The rain that we have desperately needed has finally arrived! Two weeks ago I predicted that cooler and wetter weather could be on the way, it surely has. 3" of rain fell here on the weekend, and then another 1.5" so far this week! Northern VT has been under moderate drought dating back 13 months, and while a week or two of wet weather will not end it, it will do wonders for our local fish, and water table. We actually had to re schedule two trips earlier this week for the end of this week due to high water, not something we have had to do at all this year prior . I think those clients will be in for a treat. Thanks to increased flows and cool water temps we should be able to branch out and have a lot more options for finding trout.
I have not been out on many of our rivers too much lately due to low warm water but have managed to find some good windows of fishing on some of our freestone streams for myself and clients on top of a few of our stand by's that stay cool all summer long. I got out last night, just before the storm blew everything out, scouting for the trip I was supposed to be guiding today. I found stocked browns both this years and hold overs from last year, as well as some wild brook trout. Fish were willing to eat both a nymph and a dry fly. This has been the case most of the summer. We hit a nice sulphur hatch recently that had quite a few wild rainbows looking up, and then just at dark there was a great sulphur spinner fall that produced a very well built rainbow on a yellow spinner mayfly pattern.
When fishing high water, I usually start with the same flies that I fish in low water. Many people automatically go to big bright flies and attractor nymphs, which work well at times, but I tend to start with what the fish have been already eating, and if I am not getting the bites on those flies, I'll then try bigger brighter flies, worms, jig streamers etc. You can also fish one bigger brighter pattern and one natural pattern together and let the fish tell you what they want. Don't forget the dry flies either! top patterns have been, sulphurs #16-20, ants #12-16, golden stoneflies, tan caddis #12-18.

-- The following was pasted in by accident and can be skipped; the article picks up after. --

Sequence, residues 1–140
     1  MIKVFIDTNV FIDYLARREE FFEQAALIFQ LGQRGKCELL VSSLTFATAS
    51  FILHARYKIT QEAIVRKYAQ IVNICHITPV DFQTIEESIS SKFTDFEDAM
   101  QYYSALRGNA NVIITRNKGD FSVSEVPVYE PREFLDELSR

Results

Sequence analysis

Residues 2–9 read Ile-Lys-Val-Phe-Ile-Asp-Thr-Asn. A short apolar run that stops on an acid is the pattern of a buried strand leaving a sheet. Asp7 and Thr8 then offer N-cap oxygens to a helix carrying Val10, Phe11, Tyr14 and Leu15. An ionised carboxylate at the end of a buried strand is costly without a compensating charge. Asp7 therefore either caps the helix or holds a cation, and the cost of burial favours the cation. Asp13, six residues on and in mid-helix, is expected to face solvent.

Just because its rainy this week and cooler doesn't mean it will last forever, it's still July after all. We will surely see more prolonged periods of 70+ degree water, so keep your stream thermometers ready. In fact, when I began fishing yesterday, my plan was to fish down low on the river and was surprised to find a 70 degree reading. I simply got back in the truck and drive about 8-10 miles up river where I got a nice reading of 67 to start the afternoon. I have also been taking fewer trout pictures and most of the ones I have taken have been of the fish in the water, in order to minimize stress to the fish. For now take advantage of the higher flows and cooler weather. The fish will be happy and should continue to feed very well.
I have had a LOT of people attempting to schedule trips last minute, I could have probably scheduled 8 groups for the past weekend just from Wednesday to Saturday. Its worth a try, but we generally are either booked, or if nothing is booked for a weekend have made some sort of plan on our own. It would be wise to plan ahead at least a few weeks.
Ben Wilcox Owner/Guide Maple Country Anglers